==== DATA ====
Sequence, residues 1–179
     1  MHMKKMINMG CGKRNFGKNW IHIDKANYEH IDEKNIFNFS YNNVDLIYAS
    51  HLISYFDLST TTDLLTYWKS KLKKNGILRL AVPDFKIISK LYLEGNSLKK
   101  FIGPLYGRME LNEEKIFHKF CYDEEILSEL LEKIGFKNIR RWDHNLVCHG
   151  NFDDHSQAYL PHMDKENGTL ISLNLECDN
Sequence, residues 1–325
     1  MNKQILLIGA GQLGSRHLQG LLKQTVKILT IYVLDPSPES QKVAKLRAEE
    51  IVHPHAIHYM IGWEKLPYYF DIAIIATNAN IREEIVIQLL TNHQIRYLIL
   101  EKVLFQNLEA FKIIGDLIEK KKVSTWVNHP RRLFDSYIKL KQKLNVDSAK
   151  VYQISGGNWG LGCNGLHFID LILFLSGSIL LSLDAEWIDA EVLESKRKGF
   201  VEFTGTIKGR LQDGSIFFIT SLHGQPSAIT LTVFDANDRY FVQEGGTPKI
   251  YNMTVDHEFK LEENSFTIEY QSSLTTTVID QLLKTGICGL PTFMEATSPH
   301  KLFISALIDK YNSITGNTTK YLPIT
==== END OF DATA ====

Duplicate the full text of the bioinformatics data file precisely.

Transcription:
Sequence, residues 1–179
     1  MHMKKMINMG CGKRNFGKNW IHIDKANYEH IDEKNIFNFS YNNVDLIYAS
    51  HLISYFDLST TTDLLTYWKS KLKKNGILRL AVPDFKIISK LYLEGNSLKK
   101  FIGPLYGRME LNEEKIFHKF CYDEEILSEL LEKIGFKNIR RWDHNLVCHG
   151  NFDDHSQAYL PHMDKENGTL ISLNLECDN
Sequence, residues 1–325
     1  MNKQILLIGA GQLGSRHLQG LLKQTVKILT IYVLDPSPES QKVAKLRAEE
    51  IVHPHAIHYM IGWEKLPYYF DIAIIATNAN IREEIVIQLL TNHQIRYLIL
   101  EKVLFQNLEA FKIIGDLIEK KKVSTWVNHP RRLFDSYIKL KQKLNVDSAK
   151  VYQISGGNWG LGCNGLHFID LILFLSGSIL LSLDAEWIDA EVLESKRKGF
   201  VEFTGTIKGR LQDGSIFFIT SLHGQPSAIT LTVFDANDRY FVQEGGTPKI
   251  YNMTVDHEFK LEENSFTIEY QSSLTTTVID QLLKTGICGL PTFMEATSPH
   301  KLFISALIDK YNSITGNTTK YLPIT